Kristol: Well, you know. It’s interesting. We lost the culture war. Look at what happened just recently, a couple of weeks ago. We found ourselves shocked by this attack in New York City. 6,000 people killed, Pentagon bombed, we found ourselves shocked by it, yet how did we respond to it? And I think what has happened, is that the American have decided that they know how to respond to it. I think it’s 8 percent of the people support the point of view that is dominant in the major universities, not just in the smaller colleges. Now the major universities are still thought of as the breeding grounds for the elite. Which in a sense they are, I mean there’s no question about it. They get the brightest students; they have the most money for fellowships. On the other hand it’s a big country, there are a lot of colleges out there, there are a lot of universities out there.
I think we’re getting through the defeat in the culture wars. We just have to accept the fact that the administration, even more than the faculty, of these major colleges are products of the 60s, and to a large degree the faculty in the humanities are a product of the 60s. And, having lived in universities all their lives, they have had no reason to change. Occasionally now and then there’s somebody to extort, but most of the time people change because of a change in their experience. And most of the faculty in the major universities has not had any new experiences since they became a professor, and as a result they stay with their views. And what’s interesting is that the students don’t seem to be listening. I get the impression, or at least the polls suggest that the students don’t seem to be listening.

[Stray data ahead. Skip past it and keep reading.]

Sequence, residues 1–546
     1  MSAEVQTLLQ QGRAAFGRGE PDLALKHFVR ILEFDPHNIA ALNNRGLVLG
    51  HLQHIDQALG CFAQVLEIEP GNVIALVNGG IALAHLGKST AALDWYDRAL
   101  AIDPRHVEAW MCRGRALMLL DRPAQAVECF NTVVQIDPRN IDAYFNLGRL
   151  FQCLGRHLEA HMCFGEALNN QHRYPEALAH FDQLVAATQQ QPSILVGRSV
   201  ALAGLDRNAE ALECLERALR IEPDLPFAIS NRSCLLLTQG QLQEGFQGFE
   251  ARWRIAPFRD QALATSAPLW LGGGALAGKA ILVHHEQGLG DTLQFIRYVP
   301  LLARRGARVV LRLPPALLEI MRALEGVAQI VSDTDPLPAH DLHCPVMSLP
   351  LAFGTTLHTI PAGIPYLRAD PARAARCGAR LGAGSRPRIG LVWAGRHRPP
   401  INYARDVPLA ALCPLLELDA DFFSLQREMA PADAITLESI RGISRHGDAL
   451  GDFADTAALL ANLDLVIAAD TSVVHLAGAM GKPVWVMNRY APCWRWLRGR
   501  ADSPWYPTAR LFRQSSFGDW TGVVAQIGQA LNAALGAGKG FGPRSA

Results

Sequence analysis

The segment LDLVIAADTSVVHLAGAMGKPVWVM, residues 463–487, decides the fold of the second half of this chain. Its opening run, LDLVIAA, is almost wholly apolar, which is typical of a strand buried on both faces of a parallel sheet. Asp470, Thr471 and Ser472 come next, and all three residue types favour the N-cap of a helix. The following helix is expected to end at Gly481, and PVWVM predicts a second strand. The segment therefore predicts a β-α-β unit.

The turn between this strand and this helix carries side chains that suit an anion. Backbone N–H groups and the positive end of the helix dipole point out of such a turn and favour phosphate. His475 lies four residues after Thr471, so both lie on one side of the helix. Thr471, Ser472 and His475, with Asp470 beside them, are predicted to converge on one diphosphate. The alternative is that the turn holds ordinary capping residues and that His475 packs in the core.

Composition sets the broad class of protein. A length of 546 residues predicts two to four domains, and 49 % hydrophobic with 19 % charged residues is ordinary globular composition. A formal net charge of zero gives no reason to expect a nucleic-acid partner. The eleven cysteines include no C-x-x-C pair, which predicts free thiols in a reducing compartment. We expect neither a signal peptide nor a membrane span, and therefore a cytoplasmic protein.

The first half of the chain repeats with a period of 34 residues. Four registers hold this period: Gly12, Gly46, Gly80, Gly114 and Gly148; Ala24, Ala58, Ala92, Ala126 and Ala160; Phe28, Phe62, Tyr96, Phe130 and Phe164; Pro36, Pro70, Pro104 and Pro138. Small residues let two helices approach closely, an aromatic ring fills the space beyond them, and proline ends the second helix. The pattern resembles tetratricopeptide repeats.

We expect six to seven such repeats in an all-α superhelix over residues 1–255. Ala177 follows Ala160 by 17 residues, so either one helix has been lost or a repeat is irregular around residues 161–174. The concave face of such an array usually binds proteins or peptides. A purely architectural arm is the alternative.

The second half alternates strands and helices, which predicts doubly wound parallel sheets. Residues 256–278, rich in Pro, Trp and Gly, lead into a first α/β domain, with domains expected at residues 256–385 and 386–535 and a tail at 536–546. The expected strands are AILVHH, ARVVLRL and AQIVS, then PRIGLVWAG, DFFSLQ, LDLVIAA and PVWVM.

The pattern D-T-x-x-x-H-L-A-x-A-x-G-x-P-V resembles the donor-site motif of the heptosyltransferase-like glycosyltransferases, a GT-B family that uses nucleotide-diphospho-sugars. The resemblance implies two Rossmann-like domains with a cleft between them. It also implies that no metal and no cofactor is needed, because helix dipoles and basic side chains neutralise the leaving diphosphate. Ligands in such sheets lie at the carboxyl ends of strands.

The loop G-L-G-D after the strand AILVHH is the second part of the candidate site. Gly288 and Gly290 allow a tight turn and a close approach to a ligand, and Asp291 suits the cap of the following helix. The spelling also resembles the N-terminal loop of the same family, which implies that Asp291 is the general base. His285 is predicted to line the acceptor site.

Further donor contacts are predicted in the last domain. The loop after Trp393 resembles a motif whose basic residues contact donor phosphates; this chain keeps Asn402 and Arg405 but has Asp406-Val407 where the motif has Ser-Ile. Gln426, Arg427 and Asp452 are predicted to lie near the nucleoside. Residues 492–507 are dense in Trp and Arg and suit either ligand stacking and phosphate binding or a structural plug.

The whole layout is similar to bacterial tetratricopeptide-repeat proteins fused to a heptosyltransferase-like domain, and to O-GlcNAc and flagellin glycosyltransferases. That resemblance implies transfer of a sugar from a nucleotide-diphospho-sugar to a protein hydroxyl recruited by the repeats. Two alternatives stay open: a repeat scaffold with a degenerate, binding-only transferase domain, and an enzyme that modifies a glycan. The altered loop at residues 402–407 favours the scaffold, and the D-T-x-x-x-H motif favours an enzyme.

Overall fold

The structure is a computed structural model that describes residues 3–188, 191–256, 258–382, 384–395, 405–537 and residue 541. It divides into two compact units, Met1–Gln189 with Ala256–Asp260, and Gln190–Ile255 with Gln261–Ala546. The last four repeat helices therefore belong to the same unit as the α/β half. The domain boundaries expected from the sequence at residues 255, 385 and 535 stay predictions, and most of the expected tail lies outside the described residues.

Unfortunately some of the private schools, the graduate schools, are the big problem. But we have a funny world, a funny system we live under, this capitalist economy, and this democratic system. Just when you say, well, how in God’s name are we going to live with universities that are so hostile to capitalism, and to our own economic system, what happens is some of these schools of business explode, become huge, get rich.
Students flock to schools of business. Sociologists and anthropologists will go on saying what they said 30 years ago, but fewer and fewer students will be paying attention. Students these days are well to the right of faculty, and I really think the faculty is somewhat to the right of administration, because administration is stubborn in a way that not all faculty members are. They just will not change. They will not yield anything, but it’s all right. Things are better today than they were ten years ago, much better, and religion has played an important role. Having lost the religious wars, even though they won the culture wars, the universities, and the people associated with the universities, the intellectual community, are not nearly as influential as they once were.